Increasingly, social media is sucking us all in to its murky digital world and probably never more so than this year. While many of us have been in and out of self-isolation and lockdowns and just generally being encouraged to stay away from real-life interactions, apps like Instagram have offered a form of interaction and entertainment. There are definite downsides and toxicity to this increased screen time, but programmes like Instagram can also be a place of productivity, connectivity and social change. Here we look at the five Instagram posts that sum up the art world in 2020—for better or worse.
Quelle surprise: the biggest art-world topic on Instagram has been the pandemic. But art-lovers have found the funny side. From a one-eared Van Gogh who can’t wear his face mask properly, to a recreation of Leonardo’s Last Supper as a Zoom meeting, the coronavirus has been prime fodder for art memes.
Equally creative but market-driven is the #ArtistSupportPledge. The model, which invites artists to sell works for up to £200 and then pledge to spend £200 on pieces by other participating artists, has generated millions of pounds and has been a lifeline for artists.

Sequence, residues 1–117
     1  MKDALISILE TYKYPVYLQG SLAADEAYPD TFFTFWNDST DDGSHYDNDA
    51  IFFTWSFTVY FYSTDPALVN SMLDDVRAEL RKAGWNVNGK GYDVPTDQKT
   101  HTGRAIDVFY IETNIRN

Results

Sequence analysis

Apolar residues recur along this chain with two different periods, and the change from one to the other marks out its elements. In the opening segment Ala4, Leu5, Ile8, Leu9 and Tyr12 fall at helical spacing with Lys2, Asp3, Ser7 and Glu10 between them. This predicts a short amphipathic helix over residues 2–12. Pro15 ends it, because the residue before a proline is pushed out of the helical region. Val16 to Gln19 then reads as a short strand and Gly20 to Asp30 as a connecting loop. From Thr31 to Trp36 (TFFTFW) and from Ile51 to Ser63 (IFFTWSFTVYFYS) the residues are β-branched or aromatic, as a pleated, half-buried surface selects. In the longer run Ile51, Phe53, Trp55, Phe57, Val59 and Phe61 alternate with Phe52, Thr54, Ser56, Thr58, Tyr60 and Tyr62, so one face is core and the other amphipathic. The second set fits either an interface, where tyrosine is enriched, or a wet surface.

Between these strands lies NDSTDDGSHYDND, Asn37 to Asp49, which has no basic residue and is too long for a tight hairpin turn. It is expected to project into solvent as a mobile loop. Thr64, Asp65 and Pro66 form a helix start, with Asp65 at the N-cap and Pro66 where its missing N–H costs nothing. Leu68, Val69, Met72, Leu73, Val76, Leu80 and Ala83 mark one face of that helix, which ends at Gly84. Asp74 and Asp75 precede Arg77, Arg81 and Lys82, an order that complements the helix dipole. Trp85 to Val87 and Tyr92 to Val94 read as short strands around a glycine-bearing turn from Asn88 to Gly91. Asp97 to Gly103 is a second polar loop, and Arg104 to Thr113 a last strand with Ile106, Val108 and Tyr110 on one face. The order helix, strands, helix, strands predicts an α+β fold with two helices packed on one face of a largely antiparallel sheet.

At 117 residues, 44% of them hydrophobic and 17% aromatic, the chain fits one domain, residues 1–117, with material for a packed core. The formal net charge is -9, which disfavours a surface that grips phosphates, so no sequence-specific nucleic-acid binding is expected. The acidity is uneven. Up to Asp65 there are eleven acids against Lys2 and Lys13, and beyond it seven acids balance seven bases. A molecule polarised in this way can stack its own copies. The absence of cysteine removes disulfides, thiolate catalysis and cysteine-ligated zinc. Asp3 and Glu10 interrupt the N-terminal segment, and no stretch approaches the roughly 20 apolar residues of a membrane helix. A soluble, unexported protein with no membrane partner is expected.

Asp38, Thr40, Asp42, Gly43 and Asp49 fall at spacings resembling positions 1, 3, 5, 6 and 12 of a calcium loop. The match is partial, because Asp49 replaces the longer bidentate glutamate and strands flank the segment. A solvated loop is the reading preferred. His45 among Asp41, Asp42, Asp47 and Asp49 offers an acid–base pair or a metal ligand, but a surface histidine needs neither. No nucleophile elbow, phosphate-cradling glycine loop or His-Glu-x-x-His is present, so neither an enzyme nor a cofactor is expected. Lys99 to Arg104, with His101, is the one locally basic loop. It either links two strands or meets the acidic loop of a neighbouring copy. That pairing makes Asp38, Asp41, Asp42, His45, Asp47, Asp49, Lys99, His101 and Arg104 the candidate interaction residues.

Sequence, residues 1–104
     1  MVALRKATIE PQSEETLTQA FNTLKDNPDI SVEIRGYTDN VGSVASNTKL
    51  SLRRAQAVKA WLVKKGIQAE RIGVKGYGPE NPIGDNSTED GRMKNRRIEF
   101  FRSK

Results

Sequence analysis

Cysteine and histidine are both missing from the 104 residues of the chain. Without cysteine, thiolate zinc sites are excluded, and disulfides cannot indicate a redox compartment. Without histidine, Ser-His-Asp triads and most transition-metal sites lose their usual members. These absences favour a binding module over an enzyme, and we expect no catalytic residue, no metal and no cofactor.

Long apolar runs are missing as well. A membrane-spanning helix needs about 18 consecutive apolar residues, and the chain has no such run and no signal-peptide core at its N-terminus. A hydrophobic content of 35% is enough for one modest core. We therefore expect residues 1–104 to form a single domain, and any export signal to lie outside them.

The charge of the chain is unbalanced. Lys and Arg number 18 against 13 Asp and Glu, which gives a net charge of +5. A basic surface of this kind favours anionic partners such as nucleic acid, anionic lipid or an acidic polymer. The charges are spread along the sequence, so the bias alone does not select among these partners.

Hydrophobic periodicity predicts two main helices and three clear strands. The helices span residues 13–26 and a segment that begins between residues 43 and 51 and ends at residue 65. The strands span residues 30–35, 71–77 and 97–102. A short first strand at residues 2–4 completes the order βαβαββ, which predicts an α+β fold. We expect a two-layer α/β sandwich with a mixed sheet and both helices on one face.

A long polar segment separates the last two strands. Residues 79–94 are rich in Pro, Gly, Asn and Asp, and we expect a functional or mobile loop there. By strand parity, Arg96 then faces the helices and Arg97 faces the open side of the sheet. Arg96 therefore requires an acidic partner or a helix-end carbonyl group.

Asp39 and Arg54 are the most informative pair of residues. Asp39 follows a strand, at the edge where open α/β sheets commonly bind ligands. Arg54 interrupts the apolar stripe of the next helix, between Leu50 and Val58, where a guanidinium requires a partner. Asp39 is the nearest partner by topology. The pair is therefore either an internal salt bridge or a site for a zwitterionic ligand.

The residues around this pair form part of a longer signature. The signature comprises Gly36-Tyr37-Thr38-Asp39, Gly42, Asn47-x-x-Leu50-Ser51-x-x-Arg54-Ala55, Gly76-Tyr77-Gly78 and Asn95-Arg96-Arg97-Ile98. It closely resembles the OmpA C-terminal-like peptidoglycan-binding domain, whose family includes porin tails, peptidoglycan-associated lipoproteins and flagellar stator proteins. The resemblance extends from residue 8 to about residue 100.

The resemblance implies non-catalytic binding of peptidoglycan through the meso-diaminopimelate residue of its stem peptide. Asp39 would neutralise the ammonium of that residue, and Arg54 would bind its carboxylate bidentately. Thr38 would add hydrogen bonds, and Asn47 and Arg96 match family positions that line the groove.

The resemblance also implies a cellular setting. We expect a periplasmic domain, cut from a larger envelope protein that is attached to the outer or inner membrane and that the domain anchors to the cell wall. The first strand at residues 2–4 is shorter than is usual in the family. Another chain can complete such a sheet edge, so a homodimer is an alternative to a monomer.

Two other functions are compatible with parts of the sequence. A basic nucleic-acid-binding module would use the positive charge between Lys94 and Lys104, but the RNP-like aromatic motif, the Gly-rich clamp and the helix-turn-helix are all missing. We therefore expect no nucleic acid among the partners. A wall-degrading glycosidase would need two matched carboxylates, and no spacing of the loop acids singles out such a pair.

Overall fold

Instagram went dark in June when George Floyd’s murder by police led to a protest campaign to post black squares. The art world joined in and while the posts garnered attention, many accused arts organisations—which have long been criticised for a woeful lack of diversity—of “virtue signalling”.
Cancel culture has thrived while we’ve been at home with only social media for company. Instagram accounts such as @cancelartgalleries and @changethemuseum are posting anonymous accusations of toxic behaviour, and sometimes bringing about real-life justice.
For millions, November brought about some of the year’s only good news: the end of Donald Trump’s presidency. The artist Kara Walker captured the mood. I’m with Kara: good riddance to him—and to 2020!